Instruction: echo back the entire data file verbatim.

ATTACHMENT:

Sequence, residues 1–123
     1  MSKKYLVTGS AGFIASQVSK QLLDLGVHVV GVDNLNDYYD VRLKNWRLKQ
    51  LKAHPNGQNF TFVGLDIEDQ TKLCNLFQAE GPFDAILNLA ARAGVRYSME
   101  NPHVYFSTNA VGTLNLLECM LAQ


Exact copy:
Sequence, residues 1–123
     1  MSKKYLVTGS AGFIASQVSK QLLDLGVHVV GVDNLNDYYD VRLKNWRLKQ
    51  LKAHPNGQNF TFVGLDIEDQ TKLCNLFQAE GPFDAILNLA ARAGVRYSME
   101  NPHVYFSTNA VGTLNLLECM LAQ